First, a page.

Wednesday, July 2, 2008

Shtetl in Brooklyn

I am originally from the "New World" and have spent time on the West Coast of the United States which has always felt familiar. In fact many artists and graduate students choose schools out there because, regardless of the smog, the air feels the same in Los Angeles, San Diego, and San Francisco - as Sydney and Auckland. And I am sure that if I lived further south in Europe I would have maintained a sense of myself as a new worlder. As it is I am happily bereft of company in Lithuania so have become a 'Northerner' instead.

To me, and this is the legend of the American frontier and "going-west-young man", the new world has always been about possibilities and the potentiality of new modes of living: imbued with the revolutionary spirit - of liberty, equality, and fraternity. as the new world societies advance the space for democratic and egalitarian will is diminishing but one can still encounter its ghosts in the new world's colonies. (Even Hollywood is producer of an art-for-the-people).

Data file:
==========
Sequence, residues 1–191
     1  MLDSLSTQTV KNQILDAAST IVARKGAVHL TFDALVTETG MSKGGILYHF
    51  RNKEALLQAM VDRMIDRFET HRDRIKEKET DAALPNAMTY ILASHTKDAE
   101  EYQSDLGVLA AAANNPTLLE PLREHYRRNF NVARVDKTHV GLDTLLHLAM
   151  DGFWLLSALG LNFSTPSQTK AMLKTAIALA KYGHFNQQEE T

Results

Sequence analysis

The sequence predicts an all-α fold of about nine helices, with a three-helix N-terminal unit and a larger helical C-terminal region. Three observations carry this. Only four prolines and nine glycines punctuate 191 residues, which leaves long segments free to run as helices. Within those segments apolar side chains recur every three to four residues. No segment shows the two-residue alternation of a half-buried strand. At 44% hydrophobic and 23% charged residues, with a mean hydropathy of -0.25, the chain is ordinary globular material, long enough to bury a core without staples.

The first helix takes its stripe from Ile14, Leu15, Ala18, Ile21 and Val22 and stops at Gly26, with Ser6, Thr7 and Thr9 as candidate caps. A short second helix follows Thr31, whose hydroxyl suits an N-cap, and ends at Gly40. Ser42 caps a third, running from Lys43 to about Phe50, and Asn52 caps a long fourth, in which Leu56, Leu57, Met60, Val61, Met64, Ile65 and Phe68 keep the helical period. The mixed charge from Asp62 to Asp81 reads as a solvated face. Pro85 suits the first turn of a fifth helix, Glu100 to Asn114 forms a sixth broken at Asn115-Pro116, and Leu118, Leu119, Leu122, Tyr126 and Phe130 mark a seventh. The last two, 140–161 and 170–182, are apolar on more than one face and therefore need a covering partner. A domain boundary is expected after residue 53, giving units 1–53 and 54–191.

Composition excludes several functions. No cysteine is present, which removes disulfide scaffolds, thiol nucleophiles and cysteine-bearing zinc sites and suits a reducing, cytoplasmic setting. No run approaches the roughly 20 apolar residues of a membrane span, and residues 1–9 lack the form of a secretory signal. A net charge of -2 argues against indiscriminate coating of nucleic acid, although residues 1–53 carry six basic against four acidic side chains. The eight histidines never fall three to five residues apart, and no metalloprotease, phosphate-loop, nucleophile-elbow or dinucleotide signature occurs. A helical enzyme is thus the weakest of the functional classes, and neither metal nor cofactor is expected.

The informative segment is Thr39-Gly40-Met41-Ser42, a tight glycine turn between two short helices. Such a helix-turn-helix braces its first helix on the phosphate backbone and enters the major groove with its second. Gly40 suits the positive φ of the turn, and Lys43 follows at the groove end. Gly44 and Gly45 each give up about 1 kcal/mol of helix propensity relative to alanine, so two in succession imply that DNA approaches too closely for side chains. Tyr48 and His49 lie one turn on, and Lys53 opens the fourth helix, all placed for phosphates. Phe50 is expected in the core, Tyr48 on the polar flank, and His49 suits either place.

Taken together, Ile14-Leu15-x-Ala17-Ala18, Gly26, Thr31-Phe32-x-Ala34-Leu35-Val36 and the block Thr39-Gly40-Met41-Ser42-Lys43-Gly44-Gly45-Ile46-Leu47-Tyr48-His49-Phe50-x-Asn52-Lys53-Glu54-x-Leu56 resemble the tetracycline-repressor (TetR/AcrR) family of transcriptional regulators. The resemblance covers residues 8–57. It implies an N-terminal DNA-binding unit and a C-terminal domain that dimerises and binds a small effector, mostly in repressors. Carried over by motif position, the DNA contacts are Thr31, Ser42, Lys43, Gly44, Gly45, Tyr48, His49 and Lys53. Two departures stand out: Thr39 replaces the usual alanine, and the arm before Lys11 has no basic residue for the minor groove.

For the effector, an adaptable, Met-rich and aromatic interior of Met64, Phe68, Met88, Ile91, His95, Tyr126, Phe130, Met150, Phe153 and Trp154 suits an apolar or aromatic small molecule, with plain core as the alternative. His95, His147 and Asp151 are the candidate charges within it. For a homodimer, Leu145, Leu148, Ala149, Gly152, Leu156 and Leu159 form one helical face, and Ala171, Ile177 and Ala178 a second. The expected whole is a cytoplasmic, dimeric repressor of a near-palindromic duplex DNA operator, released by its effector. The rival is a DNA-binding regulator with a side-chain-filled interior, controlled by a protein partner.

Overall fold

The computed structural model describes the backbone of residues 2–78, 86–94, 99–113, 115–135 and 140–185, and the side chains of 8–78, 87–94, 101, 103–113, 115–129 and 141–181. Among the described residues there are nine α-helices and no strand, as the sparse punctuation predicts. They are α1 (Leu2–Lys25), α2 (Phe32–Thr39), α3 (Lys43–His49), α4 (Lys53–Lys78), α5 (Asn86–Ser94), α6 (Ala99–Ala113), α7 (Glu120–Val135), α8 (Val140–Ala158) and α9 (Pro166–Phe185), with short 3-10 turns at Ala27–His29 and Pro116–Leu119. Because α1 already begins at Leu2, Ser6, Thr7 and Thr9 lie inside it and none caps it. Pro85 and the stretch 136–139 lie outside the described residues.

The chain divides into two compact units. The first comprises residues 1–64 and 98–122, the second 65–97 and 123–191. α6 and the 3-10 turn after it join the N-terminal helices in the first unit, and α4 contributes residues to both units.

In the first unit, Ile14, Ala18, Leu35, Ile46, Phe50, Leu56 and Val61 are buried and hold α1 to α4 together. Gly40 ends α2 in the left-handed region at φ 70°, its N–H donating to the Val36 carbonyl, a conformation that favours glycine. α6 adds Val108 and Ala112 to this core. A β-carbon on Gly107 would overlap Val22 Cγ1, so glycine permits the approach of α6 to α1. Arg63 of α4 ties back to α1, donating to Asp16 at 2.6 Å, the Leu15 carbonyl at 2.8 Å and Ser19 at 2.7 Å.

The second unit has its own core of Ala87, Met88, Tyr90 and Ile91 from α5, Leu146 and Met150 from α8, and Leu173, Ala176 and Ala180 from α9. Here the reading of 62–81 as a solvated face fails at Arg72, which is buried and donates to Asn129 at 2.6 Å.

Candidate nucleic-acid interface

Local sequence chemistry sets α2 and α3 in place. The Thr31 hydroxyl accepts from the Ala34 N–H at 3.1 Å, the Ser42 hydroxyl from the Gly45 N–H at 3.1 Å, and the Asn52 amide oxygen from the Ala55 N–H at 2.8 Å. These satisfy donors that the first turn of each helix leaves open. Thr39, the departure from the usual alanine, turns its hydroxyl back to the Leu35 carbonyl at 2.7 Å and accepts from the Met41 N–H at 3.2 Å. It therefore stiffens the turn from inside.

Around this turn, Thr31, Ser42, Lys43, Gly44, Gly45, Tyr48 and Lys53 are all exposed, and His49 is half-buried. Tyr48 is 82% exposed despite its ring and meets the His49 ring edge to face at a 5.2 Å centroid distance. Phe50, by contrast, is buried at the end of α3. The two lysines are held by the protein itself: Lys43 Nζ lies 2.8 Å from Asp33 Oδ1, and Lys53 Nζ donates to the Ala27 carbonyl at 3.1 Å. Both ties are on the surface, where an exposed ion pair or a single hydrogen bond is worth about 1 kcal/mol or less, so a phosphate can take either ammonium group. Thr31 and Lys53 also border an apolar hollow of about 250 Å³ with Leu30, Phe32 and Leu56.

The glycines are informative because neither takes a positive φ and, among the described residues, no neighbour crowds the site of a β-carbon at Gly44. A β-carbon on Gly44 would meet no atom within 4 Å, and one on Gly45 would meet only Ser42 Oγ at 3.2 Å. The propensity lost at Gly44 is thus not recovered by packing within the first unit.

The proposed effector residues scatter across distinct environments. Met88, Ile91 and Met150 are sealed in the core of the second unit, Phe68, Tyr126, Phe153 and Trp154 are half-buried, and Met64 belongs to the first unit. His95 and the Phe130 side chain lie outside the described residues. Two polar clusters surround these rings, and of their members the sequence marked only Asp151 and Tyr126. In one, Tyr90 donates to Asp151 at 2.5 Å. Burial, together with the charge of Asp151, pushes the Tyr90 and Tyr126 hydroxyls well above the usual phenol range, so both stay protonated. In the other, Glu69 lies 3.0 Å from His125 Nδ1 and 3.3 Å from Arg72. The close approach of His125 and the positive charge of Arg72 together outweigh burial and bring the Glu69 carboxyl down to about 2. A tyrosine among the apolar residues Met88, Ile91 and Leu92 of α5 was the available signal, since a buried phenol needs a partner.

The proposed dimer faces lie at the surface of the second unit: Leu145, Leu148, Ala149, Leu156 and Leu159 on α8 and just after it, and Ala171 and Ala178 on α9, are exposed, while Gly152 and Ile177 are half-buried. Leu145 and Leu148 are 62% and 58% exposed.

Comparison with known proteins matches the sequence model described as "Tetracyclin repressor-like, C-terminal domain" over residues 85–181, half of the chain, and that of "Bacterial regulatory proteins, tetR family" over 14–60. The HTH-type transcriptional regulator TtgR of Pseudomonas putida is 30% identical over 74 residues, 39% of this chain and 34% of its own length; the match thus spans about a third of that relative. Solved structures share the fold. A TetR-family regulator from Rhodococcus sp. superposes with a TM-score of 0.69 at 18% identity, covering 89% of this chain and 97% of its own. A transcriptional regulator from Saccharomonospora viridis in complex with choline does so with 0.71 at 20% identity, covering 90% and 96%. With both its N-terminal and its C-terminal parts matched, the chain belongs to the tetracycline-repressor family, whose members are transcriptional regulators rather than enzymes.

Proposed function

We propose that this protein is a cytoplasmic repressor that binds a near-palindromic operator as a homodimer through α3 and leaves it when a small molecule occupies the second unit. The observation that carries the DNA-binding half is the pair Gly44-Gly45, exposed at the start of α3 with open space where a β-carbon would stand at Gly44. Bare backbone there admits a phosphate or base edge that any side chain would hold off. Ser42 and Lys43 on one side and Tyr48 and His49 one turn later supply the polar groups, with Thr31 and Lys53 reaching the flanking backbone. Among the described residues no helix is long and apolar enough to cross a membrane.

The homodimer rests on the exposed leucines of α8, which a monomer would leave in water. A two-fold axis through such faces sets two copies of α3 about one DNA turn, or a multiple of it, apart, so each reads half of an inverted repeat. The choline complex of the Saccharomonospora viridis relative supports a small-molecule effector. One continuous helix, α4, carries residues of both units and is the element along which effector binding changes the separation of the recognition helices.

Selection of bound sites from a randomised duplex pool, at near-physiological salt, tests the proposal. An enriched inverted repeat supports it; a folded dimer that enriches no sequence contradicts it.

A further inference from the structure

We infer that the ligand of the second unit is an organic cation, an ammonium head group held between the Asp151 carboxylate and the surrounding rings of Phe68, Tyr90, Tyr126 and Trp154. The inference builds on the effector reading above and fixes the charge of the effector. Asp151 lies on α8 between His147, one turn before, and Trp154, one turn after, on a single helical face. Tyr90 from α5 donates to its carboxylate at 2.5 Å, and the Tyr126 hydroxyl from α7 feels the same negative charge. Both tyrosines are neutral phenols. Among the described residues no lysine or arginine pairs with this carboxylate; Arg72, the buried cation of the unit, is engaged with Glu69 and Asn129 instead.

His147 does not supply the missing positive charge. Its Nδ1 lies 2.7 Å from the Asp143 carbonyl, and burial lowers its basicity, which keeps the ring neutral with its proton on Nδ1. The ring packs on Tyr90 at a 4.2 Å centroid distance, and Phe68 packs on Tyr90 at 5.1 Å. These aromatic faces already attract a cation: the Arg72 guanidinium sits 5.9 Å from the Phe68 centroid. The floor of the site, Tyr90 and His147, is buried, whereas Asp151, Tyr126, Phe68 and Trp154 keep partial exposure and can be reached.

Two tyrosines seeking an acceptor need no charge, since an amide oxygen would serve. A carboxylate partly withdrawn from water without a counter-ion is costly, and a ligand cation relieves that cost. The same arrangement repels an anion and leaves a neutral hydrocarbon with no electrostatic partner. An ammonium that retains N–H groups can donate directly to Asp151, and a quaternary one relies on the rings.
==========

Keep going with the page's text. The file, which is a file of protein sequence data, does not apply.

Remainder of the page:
My encounters with New York, however, pitch it back in time. She is Old beyond her years. Traversing Brooklyn last night, traveling from Williamsburg to Crown Heights I found myself cruising through a shtetl. On its fringes there was a multicultural mix of pedestrians and residents sitting on their stoops. But at its heart only people wearing Jewish costume moved. And the streets and houses became more decrepit as the signs changed from the Roman to Hebrew alphabet. This arrangement of signifiers was oppressive, to me, as it replicated the order and appearance of the European 'ghettos' I have seen, experienced, and researched in photographs and writing.

The shtetl like shabbiness felt like a deliberate denial of the possibilities that America offered her people in the late-19th and early-20th centuries; the Brave New World. This living in the past [a clinical nostalgia] evokes a poverty of imagination an unwillingness to embrace the positive empowerment of the erasure of emigration (that energized Sholem Aleichem's peripatetic Tevye): while summoning the horror of the material erasures of last century.

America - in the new world - is the land of self-invention. And to 'dwell' here is to rest inside the dream of possibility - of which New York is the capital. To deny the dream is to deny the kernel of American life (that even reactionary regime cannot harm) and to deny its historical destiny - and embody its death.

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